Monthly Archives: March 2013
- a wicking bed of flowers and herbs planted in an old rubbermaid container. Holes are drilled into the sides about 3 inches from bottom for drainage
Our wicking beds are planted and awaiting germination. Two creative Fire and Fragrance DTS students, Keltie and Meagan, built both these beds using materials on site. The first bed has left over chicken wire as the “container” with dried grass as the walls. The second bed used scrap metal and wood poles to support a wall of shade cloth. The beds are built directly on the ground with cut pieces of tarp as the pond resevoir filled with gravel. On top of the gravel they laid a scrap pvp pipe with slots cut into the bottom for water to be poured into and fill up the gravel level. Over the pipe and gravel is a layer of shade cloth to seperate the soil level from the gravel reservoir. We mixed equal parts peat moss (with a bit of perlite) and garden soil. Our native soil is actually clay which repels water and does not drain well, so we needed the peat moss for the wicking action. The advantage of gardening like this is watering is easy (once a week or less) and water usage is much less as evaporation does not steal it away. It also encourages plant roots to grow deep to access the water. This method can be adapted to be used for fields and orchards also.
We recently built 3 different wicking beds at the Natural Farm. Wicking beds are self contained raised beds with built in reservoirs of water. This method greatly decreases the amount of water and time spent compared to typical gardening methods. They can be built in the ground, in various containers or the typical lumber raised bed. Here are some sample pictures and a couple of links from the internet to explain the concept. See our next posts to view the in-ground and container beds we just built.
It is finally planted!! Two wonderful work duty students from the Medical DTS, Joe and David, have tinkered and labored thier way into our Natural Farm hall of history. A couple of months ago my gardening buddy, Pat MacDonald, deposited a gift of 3 old gutters and a pile of papers he printed off the internet on gutter gardens. ( I am blessed with people dropping off all sort of presents at the farm. Tumeric root, stray kittens, mint cuttings, scrap lumber, mangoes, avocado seeds, kitchen scraps for chickens, random seeds to experiment with-I just never know what gifts I may find when I come to work:) I had never heard of such a thing as self watering gutter systems, but the concept is so simple and valuable I am shocked it wasn’t created a long time ago. Much thanks to the youtube gutter celebrity, Larry Hall. Here is his link if you would like to learn more.
We were able to fit 10 six gallon buckets on each 8 foot gutter. A 3 inch hole was cut into the base of each bucket and a small basket inserted filled with peat moss as a wicking agent. Then the rest of the bucket was filled with potting soil (we cut the 6 gallon food grade buckets down a bit because we didn’t need that much soil). We created our own potting soil with a mixture of peat moss, perlite, raw soil, compost and a bit of crushed oyster shell in place of lime. The small wicking basket ends up sitting inside the gutter that is continually filled with water and the water naturally wicks up into the soil. The gutters are covered with black landscape fabric to block the sunlight and algae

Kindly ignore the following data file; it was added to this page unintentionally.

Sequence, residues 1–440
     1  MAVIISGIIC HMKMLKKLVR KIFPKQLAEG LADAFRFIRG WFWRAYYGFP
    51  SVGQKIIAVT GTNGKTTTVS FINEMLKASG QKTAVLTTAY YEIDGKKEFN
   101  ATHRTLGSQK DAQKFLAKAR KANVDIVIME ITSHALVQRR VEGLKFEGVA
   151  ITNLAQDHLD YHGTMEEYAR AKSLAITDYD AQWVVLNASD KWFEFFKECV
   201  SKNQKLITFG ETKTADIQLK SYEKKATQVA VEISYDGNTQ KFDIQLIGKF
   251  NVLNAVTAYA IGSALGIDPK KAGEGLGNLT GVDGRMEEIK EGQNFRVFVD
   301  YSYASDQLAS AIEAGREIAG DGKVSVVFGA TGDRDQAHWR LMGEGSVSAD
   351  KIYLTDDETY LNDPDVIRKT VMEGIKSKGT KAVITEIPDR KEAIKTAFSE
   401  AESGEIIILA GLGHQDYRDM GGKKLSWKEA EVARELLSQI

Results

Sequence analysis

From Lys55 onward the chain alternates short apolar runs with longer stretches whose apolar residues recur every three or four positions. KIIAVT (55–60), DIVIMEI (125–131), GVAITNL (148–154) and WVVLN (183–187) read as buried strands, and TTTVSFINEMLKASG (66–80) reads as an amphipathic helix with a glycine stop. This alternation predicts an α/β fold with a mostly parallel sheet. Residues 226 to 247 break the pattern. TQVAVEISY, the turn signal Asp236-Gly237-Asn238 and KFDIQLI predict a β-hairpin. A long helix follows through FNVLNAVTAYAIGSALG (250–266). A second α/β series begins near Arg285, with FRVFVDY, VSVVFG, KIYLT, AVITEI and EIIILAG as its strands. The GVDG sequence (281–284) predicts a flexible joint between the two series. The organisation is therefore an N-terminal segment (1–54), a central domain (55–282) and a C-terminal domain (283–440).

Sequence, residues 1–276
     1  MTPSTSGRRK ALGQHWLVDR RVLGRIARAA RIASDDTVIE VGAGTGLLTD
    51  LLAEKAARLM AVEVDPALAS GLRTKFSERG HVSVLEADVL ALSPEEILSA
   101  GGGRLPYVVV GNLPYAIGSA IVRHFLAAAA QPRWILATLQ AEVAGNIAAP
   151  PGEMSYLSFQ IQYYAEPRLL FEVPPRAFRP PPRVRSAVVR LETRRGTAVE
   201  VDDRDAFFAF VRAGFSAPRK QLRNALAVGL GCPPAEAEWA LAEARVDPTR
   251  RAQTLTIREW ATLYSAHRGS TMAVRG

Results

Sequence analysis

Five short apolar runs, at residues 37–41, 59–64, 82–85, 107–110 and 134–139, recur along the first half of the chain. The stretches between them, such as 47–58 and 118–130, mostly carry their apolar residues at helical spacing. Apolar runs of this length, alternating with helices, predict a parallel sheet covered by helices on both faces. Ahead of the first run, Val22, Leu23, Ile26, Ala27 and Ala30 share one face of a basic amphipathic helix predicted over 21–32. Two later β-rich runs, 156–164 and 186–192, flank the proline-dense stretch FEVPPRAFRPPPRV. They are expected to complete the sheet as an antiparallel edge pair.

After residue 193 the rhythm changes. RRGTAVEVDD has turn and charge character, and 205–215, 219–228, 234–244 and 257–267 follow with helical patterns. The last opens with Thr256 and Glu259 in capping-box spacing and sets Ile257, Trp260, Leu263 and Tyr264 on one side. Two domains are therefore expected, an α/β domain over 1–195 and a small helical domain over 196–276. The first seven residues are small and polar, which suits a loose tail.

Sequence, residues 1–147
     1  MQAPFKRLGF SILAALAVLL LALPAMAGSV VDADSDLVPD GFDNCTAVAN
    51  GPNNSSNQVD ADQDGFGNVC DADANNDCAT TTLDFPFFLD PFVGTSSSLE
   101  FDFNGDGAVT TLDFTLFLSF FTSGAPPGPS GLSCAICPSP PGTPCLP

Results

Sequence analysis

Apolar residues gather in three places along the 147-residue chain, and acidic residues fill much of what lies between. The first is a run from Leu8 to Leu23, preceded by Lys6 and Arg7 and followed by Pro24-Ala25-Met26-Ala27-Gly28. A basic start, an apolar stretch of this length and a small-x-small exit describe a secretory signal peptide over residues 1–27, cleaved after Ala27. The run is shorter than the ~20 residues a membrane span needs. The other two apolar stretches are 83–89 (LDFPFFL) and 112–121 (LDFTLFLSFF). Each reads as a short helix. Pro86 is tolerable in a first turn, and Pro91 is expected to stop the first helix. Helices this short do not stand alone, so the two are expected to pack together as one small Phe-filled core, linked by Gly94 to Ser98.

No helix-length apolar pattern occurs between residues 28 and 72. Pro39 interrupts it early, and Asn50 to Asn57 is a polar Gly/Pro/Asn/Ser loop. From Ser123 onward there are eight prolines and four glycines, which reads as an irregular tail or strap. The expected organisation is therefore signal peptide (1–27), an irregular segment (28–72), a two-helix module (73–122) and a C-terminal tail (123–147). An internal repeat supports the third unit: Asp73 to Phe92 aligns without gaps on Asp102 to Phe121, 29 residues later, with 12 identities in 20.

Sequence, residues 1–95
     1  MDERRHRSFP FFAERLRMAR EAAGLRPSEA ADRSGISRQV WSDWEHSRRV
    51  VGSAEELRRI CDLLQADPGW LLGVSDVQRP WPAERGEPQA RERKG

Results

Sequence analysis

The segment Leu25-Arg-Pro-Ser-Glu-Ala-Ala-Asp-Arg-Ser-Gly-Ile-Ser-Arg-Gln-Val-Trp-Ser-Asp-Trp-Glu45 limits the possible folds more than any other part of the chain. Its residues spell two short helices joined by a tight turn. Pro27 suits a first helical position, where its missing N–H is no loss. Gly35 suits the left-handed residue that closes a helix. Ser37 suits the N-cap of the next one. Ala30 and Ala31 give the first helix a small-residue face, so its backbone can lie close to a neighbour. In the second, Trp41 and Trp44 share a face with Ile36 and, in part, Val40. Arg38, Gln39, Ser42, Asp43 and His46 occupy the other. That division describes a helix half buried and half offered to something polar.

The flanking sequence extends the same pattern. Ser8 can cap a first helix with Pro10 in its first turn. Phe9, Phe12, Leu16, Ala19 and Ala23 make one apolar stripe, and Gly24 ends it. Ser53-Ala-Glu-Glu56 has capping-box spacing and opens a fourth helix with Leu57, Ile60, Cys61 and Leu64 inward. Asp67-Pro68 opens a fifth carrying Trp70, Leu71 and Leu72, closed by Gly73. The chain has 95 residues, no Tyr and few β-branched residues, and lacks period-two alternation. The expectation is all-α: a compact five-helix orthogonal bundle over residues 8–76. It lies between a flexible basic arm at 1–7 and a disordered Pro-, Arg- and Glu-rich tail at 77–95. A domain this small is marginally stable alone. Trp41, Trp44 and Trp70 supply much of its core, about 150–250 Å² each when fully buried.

growth and we will have a couple minnows in each water source to decrease mosquito larvae. This method greatly decreases the amount of soil and water needed to grow food- and also the work involved as there are no weeds and the insect popluation is greatly decreased ( we struggle with abnormal amounts of hungry sow bugs in our garden) To add a bit of experimentation we have two different watering systems. One gutter is attached to a 6 gallon bucket of water and the other to a rubbermaid container with a couple of tilapia in the water- a super simplistic aquaponics set up. Both gutter systems are planted exactly alike so we can see if the plants being nourished with fish water have an advantage. We will keep you posted!
How to compost
Composting is the natural process by which organic material decomposes and is recycled. Our involvement only speeds the process and allows us to use the finished product for our benefit. There are 5 key ingredients involved. Water, oxygen, carbon, nitrogen and decomposing organisms. The decomposing organisms are the microbes mentioned above; they eat the carbon while nitrogen serves as a digestive aid. Just like you and me, microbes are reliant on a certain balance of water and oxygen to survive.
You can simply make a compost pile or heap, dig a pit, build a bin out of concrete blocks, wood or wire, use a garbage can with ventilation or buy a fancy rotating barrel. Choose your method and follow these basic concepts. You can’t really go wrong- the worst you can do is have a slow or stinky bin- but it will eventually become finished compost because that is the natural process. Any mistake you may make is correctable- so be brave and start spinning that gold!
Carbon and nitrogen(often referred to as “brown” and “green”) are the building blocks. Carbon materials (brown) include dried leaves or grass, chipped trees, sawdust, paper. Pretty much anything from your yard that is dead and dry. Nitrogen (green) rich materials include green grass clippings, seaweed, green garden waste (like left over stems and leaves of harvested plants), fruit and vegetable scraps, egg shells, coffee grounds, leftover grains and bread. Meat and oils are not recommended due to smell and pest attraction. Animal manure such as poultry, cow and horse is also rich in nitrogen but it is advised to compost it really hot (140-160 degrees) to kill any harmful pathogens and weed seeds. Human, dog and cat feces are not considered safe to use even when composted.